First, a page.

About


Our  mission is to encourage a conversation about topics ranging from traditional fine arts to post-modern modes of art to the serendipity and aesthetics that are encountered in daily living.   

 

       The Bowdoin Art Society, a student-run organization at Bowdoin College, has a threefold purpose: 1) to promote the vibrancy of the arts at Bowdoin, accomplished largely through the annual "340 Miles North" art show, 2) to foster the arts community at Bowdoin, accomplished by weekly meetings discussing art, and 3) to expand the notions of what art is and can be, contributing to developments in the international art scene, accomplished by the creation of site-specific installations and by the publication of the Bowdoin Journal of Art.  

 

 

What we do:

  • “340 Miles North” and “The Spring Show.”  Two curated art exhibitions of over 60 artists featuring interactive installations, performance artists, video, sound, painting, and other media.
  • The Bowdoin Journal of Art. The only American collegiate journal of art history.  Undergraduate students from throughout the country submit work which is rigorously reviewed.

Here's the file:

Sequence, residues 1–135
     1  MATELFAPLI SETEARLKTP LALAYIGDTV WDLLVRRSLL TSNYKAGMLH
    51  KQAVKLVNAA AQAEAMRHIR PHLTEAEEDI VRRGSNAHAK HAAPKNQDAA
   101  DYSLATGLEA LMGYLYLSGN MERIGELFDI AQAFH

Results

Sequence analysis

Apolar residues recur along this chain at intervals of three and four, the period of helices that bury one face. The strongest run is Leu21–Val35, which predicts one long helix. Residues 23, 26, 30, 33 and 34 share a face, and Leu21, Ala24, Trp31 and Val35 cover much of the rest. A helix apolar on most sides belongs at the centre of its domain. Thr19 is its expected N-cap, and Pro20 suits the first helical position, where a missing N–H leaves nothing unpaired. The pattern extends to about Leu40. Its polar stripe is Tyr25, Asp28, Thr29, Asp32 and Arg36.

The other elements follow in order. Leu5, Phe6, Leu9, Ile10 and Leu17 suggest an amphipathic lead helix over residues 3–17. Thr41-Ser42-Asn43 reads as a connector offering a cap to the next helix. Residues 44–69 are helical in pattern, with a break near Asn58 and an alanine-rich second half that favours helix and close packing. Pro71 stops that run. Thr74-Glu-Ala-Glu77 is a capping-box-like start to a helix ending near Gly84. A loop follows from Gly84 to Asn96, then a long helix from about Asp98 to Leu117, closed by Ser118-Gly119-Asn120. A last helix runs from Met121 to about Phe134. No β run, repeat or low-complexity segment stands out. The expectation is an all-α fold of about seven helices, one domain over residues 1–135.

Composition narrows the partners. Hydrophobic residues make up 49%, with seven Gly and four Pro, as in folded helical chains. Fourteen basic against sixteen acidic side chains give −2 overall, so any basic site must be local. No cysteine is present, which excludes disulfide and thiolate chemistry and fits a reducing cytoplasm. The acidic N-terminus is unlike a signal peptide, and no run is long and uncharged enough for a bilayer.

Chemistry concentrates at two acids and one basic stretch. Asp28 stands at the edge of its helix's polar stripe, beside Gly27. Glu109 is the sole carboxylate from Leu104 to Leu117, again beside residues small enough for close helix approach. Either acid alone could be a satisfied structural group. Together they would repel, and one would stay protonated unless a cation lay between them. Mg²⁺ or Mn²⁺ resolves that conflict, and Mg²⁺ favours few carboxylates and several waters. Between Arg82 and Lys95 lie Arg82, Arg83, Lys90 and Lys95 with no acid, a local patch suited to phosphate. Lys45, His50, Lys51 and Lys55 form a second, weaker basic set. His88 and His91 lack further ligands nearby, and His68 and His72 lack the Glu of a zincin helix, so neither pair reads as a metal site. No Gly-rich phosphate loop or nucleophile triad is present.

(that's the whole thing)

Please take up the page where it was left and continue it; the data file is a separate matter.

• Art Battle Benefit Party.  Four artists compete on stage to create the best painting while the party roars below.  
  • Discussions and luncheons with artists, curators, gallerists, and directors. 

  • Art Education. Meeting with art classes to help present their work.

 

Once a week, we meet to discuss current happenings in the art world, both on and off campus. We think together about what art is and what it can be.  Here are some conversation topics from different meetings:

- Is the structure of an art curriculum inherently "traditional" by forcing students to take classes in painting and drawing before they can take classes that explore other media?

- In London, a student  lost his virginity on stage.  Another nailed his private parts to the ground.  What is the influence of the body in art and does it correspond to trends in the art market?

- A large component of the art world, especially at art fairs, is partying.   Does this change the meaning of the art?